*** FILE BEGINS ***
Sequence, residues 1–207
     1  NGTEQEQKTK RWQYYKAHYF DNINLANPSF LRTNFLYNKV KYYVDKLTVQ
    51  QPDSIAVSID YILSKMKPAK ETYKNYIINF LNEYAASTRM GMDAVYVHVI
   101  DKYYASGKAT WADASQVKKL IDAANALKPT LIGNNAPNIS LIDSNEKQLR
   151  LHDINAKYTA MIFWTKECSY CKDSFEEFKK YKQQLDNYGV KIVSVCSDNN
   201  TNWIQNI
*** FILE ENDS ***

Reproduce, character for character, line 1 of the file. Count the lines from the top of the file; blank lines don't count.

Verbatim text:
Sequence, residues 1–207